Scientific fraud is a growing concern. Documented cases of fraud provide us with a unique opportunity to examine whether scientists write differently when reporting on fraudulent research.
To investigate this further, the researchers conducted a comprehensive analysis of a corpus of 253 unretracted publications and 62 publications retracted for reasons other than fraud (such as ethics violations).
Findings revealed that fraudulent papers were written with significantly higher levels of linguistic obfuscation, lower readability and higher rates of jargon than unretracted and nonfraudulent papers. They also observed a relationship between obfuscation and the number of references per paper, indicating that fraudulent authors use obfuscation to mask their deception by making their reports more challenging to analyze and evaluate.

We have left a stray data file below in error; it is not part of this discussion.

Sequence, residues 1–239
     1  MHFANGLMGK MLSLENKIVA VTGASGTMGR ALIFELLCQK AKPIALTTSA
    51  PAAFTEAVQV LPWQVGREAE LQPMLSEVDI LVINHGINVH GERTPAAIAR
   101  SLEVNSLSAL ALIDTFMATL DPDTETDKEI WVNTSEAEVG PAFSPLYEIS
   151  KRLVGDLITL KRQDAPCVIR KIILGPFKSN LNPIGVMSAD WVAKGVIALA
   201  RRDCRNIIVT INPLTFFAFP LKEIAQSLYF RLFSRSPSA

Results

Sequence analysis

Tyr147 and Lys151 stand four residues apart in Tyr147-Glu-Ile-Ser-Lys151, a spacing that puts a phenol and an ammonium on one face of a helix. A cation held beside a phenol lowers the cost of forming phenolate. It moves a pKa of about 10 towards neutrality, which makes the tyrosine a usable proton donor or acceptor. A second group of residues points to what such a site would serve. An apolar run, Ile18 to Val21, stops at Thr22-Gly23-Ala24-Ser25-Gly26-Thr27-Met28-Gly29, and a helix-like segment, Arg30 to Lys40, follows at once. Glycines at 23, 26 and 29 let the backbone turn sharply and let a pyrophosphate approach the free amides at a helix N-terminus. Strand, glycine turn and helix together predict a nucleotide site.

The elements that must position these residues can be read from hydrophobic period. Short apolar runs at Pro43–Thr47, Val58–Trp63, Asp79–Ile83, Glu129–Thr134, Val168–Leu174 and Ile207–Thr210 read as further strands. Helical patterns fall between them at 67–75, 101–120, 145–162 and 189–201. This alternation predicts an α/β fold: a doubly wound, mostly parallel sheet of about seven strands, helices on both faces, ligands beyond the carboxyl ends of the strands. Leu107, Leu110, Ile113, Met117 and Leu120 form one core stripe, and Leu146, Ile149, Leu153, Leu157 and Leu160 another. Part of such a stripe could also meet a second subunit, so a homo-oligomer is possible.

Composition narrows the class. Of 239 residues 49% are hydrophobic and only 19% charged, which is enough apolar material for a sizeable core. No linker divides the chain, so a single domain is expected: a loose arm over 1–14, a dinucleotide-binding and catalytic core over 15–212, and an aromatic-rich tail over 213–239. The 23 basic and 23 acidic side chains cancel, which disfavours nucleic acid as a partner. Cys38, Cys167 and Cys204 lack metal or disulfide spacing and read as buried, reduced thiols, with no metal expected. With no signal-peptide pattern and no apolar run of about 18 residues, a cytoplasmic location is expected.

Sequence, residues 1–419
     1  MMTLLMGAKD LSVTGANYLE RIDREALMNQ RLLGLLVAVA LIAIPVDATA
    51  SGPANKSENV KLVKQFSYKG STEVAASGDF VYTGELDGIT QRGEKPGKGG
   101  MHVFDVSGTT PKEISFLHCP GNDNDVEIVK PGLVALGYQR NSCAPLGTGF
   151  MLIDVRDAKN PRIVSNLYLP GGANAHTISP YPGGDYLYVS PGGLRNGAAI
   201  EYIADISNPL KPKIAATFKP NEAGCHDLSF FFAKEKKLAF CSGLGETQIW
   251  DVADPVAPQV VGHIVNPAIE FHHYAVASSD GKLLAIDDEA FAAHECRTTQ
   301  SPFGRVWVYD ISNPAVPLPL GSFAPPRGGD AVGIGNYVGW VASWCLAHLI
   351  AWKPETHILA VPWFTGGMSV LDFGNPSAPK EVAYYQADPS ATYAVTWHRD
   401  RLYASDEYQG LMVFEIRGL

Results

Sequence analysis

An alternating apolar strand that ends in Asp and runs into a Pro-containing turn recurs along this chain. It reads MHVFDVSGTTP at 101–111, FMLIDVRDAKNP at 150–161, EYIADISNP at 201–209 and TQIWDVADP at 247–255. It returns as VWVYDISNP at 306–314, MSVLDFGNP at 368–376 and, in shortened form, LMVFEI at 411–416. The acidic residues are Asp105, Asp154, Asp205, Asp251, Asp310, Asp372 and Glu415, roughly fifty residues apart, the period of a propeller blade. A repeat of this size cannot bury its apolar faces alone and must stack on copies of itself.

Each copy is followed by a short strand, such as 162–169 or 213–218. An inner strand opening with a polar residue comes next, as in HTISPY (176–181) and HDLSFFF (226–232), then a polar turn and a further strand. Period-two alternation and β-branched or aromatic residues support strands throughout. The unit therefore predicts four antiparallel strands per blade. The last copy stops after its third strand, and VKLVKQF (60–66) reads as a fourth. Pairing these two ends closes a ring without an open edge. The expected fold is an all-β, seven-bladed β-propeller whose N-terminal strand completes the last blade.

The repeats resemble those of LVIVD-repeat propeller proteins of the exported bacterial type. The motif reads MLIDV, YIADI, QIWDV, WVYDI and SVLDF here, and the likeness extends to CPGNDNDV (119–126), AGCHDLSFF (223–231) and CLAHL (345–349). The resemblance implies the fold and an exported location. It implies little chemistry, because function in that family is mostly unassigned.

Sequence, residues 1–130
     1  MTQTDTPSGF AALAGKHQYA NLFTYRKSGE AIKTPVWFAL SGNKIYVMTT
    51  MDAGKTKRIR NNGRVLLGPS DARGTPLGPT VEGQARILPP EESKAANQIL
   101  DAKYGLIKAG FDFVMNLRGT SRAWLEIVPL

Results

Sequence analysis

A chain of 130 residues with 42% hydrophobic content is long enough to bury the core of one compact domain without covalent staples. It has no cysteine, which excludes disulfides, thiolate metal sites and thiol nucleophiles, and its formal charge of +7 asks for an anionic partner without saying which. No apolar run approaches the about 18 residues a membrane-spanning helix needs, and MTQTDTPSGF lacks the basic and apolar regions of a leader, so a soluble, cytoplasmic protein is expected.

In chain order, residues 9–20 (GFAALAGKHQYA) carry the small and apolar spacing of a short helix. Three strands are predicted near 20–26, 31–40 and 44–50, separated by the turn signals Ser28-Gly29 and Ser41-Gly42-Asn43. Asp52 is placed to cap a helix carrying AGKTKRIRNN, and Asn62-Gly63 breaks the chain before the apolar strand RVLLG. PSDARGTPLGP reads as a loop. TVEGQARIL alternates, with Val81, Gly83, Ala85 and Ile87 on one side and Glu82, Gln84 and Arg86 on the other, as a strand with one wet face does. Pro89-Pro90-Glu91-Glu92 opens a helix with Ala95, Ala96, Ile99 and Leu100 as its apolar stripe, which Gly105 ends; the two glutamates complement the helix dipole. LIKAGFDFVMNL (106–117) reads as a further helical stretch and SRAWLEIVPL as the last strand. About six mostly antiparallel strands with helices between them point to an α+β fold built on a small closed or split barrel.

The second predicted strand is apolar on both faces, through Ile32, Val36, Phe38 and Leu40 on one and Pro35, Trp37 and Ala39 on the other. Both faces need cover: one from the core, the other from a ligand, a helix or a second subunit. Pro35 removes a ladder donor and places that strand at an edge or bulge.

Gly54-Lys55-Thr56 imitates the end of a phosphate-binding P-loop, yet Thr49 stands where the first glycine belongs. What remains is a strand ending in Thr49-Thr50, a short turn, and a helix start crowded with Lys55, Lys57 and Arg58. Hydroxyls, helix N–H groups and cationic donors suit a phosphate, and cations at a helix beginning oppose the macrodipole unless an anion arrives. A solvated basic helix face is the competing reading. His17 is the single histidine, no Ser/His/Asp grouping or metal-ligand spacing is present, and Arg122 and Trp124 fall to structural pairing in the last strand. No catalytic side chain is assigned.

This is the first large-scale analysis of fraudulent papers across authors and disciplines, revealing how changes in writing style are related to fraudulent data reporting.
Read the full research paper: Linguistic Obfuscation in Fraudulent Science
Looking to uncover deception? The markers of linguistic deception described in this paper are available in the Receptiviti API.